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The New Sheriff in Town

Posted by on in Leadership
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It's been the first time in a long time where I start pressing the keys.  I blogged for a long time and took a hiatus.  Were my words and thoughts so important that I needed to share them with the masses? Hell no. My words and thoughts are just that...words and thoughts.  However, when issues arise, I have a platform to turn to.

The past 2 years have been a whirlwind for me. I've had the chance to crisscross the country, working with all walks of educational life in rural, suburban, and urban districts.  I've worked with districts that have had money to roll in and districts that are getting by paycheck to paycheck.  While I love doing what I do, being away from my family is painful.  My girls are 3 1/2... FaceTime is wonderful, but it only does so much. You can't kiss your kids goodnight, eat dinner with them, or snuggle up and read a story. Hence, I've been looking to get to work again in a close proximity.

Last month, I applied for a Superintendency that was close to home.  I interviewed and was offered the position. Out of 50 applicants and 10 colleagues who were interviewed, I was fortunate enough to be selected. While being the first pick is always an honor, it's just as much of an interview for me as it is for the Board. No words can describe a Board when you find the right one. It was a great fit. 

As contract negotiations began, the word got out that I was the guy. While it normally does, and small towns spread rumors super fast, this was nothing like I've ever seen.  In less than 48 hours, I was getting social media follows, emails, and phone calls from most of the community. Given my lightening-rod style, those who stalk my every keystroke and those who follow me online put 1 & 1 together, and the onslaught began.  Everyone knew it was just a question of when, and this Board was totally ready for it.  I loved that; a supportive Board who backs their pick in unison.  If you don't have that from day 1, you have nothing.

The following week, it was clear that I would not be able to start on the date that the Board wanted.  After reviewing and re-working my calendar to accommodate previous commitments and engagements, I would still be out 14 school days in October.  This, along with the annual NJ School Boards Convention, would put me at 18 calendar days of the district.  I could not move forward with a clear conscience knowing that I would be there for a modicum of time in the first month when the first month is one of THE most important months and knowing my absences would create a myriad of problems.  If I was a taxpayer, I would be livid.  Sadly, I declined the offer.  I am not the first, nor will I be the last Superintendent who had talks break down and conclude that this may not indeed be a good fit at this time.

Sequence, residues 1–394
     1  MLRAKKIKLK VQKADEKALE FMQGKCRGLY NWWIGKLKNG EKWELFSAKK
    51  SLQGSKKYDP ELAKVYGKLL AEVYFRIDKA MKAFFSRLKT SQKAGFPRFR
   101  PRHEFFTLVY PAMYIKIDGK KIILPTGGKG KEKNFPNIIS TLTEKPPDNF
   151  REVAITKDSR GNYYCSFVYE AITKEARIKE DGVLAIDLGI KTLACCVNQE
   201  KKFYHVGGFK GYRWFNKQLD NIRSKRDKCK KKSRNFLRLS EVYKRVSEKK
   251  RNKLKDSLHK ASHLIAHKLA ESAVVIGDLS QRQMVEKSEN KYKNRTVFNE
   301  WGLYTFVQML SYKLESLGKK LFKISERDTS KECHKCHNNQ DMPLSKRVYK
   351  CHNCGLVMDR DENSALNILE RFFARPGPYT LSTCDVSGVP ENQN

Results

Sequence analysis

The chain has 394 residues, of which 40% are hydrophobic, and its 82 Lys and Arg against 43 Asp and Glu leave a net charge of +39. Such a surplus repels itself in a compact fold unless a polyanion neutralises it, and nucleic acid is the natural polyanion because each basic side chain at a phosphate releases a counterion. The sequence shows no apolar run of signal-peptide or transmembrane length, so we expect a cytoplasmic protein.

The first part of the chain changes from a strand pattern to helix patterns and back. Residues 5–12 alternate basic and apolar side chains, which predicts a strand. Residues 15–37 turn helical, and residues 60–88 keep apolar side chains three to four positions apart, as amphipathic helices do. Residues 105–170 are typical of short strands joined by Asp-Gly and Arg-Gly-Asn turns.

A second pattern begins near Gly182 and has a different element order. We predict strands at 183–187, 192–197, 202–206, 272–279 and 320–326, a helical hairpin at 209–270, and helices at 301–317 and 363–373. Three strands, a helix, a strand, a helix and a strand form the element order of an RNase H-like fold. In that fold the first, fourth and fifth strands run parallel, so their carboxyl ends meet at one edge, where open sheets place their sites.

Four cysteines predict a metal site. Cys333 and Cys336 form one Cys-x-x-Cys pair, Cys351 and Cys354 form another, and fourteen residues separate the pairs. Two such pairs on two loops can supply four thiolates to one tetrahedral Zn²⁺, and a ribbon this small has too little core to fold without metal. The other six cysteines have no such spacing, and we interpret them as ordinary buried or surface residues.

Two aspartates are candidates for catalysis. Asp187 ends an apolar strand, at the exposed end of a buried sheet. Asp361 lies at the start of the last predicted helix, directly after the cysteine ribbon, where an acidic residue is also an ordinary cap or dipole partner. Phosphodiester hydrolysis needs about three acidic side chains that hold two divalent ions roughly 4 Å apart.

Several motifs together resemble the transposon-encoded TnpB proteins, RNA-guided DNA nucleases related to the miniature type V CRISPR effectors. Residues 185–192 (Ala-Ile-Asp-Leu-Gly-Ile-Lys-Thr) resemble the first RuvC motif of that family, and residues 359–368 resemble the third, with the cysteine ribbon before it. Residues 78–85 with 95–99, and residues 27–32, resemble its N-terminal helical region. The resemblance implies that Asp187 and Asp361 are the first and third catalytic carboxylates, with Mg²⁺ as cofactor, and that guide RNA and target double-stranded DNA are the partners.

This was also a painful decision on my side; from the moment the Board President told me to 'take my hat out of the running', I did.  I was all-in.  There were countless emails and texts exchanged with the Board.  We were on a positive step on from day one.  Given the amount of work that was needed to be done, I started before I was signed.  I created a communication plan; I began to meet with parents, staff, and students; I made the rounds and started to put names to faces. To do all of this work, only to turn around and say 'sorry, I was your guy, but am not any more' leaves egg on my face.

The most painful component of this?  I loved the Board.  For the first time in a long time, I saw a Board that was all-in.  The Board came from all walks of life and disagreed on a myriad of topics, and that's a good thing.  They had passion, they had vested interest, and they knew that this decision would have ramifications for the next decade at the very least.  The district is slated to lose hundreds of thousands of dollars in state aid, declining enrollment, bare-bottom morale, contract negotiations, and a rotation of acting an interim leadership that did what they had to do and leave.  The financial impact for the next leader was over $1,000,000 in compensation in a 5 year time period.  This person is also the same person who will be closing down multiple schools and cutting staff members in the triple digit range.   Regardless of their difference, this Board bonded like superglue and backed me.  When I no longer was the candidate, the next candidate was backed up in the same manner.

I attended the board meeting to show support.  Some members of the Board were freaked out that I was there; others smiled, waved, and even chatted me up in the hallway.  No hard feelings, no anger to be had.  What's done is done and onward we go.  I recalled that one of the Board Members emailed me saying I didn't need thick skin, I needed elephant skin to navigate these meetings; I wanted to see first-hand. I said to myself, how bad could it be? Holy cow.